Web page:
At this point, even the relatively careful Sabato's Crystal Ball political forecast maintains a Hillary Clinton win in November, the question now being what her margin of victory will be.
What about the overall picture? As our regular readers know, we’ve been the Rock of Gibraltar when it comes to a Clinton victory. Our first electoral map, issued at the end of March, showed Clinton at 347 EVs to 191 EVs for Trump, and all subsequent maps have maintained those totals — until now. After looking carefully at Nebraska’s 2nd District — Nebraska being, along with Maine, a state that awards one electoral vote to the winner of each congressional district — we’ve decided that NE-2 is leaning toward Clinton. It isn’t much of a lean, and it’s possible that if Trump can tighten up the contest, this one will wobble back to the Republicans. But for the moment, adding NE-2 to the Democrats makes Clinton’s total 348 EVs and Trump’s total 190 EVs. As you’ll recall, Obama carried this district in 2008 but lost it in 2012, so it’s on the margins — yet it also ranks 49th out of 435 congressional districts for percentage of non-Hispanic whites with a bachelor’s degree or higher. Moreover, not only is Clinton investing ad money in Omaha, which also bleeds into the western parts of swing state Iowa, she is also spending actual campaign time in the city, a sign that her campaign believes it can win this extra electoral vote. And did we mention Warren Buffett, a huge Hillary fan, dominates the economic landscape there?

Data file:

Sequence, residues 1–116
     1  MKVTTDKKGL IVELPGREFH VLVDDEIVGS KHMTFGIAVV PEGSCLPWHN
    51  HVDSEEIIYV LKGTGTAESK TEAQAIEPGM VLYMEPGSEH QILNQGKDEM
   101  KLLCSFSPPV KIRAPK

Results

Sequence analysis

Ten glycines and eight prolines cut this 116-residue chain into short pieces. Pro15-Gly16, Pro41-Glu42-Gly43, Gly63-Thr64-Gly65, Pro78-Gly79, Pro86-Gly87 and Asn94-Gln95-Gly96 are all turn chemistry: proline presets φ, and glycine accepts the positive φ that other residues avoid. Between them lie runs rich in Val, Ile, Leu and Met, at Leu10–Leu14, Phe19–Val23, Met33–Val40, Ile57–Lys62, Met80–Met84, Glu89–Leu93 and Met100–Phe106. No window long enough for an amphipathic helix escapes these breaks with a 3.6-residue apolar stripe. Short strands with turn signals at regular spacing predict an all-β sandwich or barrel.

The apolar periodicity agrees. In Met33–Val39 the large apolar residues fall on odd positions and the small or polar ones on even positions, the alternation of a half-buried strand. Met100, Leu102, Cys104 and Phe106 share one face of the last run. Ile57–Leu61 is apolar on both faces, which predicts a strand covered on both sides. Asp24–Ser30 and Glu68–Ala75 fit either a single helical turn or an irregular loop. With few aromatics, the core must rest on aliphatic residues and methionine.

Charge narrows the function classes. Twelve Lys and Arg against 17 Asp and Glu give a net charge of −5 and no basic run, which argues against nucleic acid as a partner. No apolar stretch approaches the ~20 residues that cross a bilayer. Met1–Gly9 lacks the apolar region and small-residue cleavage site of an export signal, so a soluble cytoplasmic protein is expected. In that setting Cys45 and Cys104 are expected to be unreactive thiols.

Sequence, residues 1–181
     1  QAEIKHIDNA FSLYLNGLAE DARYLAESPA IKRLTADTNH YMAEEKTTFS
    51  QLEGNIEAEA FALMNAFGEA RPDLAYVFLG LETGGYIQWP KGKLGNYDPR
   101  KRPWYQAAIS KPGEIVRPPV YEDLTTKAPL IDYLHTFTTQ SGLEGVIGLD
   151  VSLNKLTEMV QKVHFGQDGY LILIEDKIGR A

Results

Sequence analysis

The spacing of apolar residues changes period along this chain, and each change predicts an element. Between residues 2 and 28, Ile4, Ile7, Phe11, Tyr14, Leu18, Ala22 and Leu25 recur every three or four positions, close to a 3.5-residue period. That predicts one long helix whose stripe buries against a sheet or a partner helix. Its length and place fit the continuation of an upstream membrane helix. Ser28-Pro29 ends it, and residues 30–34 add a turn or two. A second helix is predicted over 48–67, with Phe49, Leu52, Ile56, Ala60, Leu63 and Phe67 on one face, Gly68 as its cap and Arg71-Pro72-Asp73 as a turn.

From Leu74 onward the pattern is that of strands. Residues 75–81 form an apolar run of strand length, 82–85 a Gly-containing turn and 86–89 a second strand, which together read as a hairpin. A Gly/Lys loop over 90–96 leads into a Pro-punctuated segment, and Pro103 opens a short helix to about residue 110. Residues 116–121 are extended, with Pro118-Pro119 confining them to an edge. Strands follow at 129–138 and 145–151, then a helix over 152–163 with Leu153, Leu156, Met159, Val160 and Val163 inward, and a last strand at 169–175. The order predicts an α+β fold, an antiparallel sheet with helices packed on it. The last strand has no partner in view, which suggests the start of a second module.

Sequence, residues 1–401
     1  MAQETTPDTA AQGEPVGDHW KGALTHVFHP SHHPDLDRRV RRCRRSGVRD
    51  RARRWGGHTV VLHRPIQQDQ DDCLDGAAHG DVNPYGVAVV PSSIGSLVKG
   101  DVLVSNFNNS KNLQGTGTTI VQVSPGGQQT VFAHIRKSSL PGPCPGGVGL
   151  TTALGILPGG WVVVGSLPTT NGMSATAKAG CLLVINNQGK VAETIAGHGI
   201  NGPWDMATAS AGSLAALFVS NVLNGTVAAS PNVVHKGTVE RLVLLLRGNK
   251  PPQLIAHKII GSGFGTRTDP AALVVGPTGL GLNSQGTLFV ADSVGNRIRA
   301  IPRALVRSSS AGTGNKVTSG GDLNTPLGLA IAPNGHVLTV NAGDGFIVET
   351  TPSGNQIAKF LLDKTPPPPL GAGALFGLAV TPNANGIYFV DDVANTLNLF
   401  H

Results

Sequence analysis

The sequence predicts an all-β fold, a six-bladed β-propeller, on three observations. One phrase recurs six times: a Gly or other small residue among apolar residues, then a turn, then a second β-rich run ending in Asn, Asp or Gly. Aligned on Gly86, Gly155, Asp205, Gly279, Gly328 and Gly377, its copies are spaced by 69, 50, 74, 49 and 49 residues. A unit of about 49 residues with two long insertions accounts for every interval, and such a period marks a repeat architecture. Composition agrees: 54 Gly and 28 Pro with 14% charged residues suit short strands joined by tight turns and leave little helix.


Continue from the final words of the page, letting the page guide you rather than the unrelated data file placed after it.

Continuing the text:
We’ve heard from many of you asking why we haven’t switched Arizona and Georgia to Clinton. The answer is simple: There’s not enough evidence yet to justify doing so. The polling averages are basically tied in both, so we’ll keep watching. Probably these states would be the next on our map to change color if a blue tide is in the Nov. 8 forecast. On the other hand, if Trump manages a modest recovery, Arizona and Georgia would remain in his column.
By the way, we’re lowering Kansas and South Carolina from Safe Republican to Likely Republican after recent closer-than-expected surveys surfaced. In the former, the latest statewide poll from SurveyUSA had Trump ahead by just five points, 44%-39%, and notably it showed Clinton ahead 45%-35% in the Kansas City region. Echoing that finding, an internal survey for Rep. Kevin Yoder (R, KS-3) showed Clinton up 44%-38% over Trump in a district that is mostly in the Kansas City area. In addition, KS-3 was a 54%-44% Mitt Romney district in 2012, further confirming our views of NE-2, which voted for Romney by 53%-46%. Meanwhile, a Public Policy Polling survey found Trump up only 41%-39% in South Carolina, and it is a state with a high Democratic floor (but a low ceiling) because of a large black population and the Palmetto State’s racially polarized voting. We certainly don’t expect either Kansas or South Carolina to vote Democratic. Still, we have noticed that many deep red states may be preparing to produce lower-than-usual pluralities for Trump. It won’t matter in the Electoral College, of course, but it will be reflected in the national popular vote total.
Sabato's map is pretty much exactly what my map would look like if I made a forecast for November today, with the exception of Missouri moving into only Likely territory for Trump, and sliding the upper Midwest Great Lake states from Likely Clinton to Safe (or at least Minnesota.)
Trump again is heading for a beatdown, this is the Obama 2008 drubbing of McCain minus Missouri and Indiana, and both are definitely in play for Clinton. But how cool would that be if Clinton picked up Arizona and Georgia as well? That's the direction we're heading right now.
We'll see. Word at this hour is that Trump's former campaign manager Paul Manafort is now out.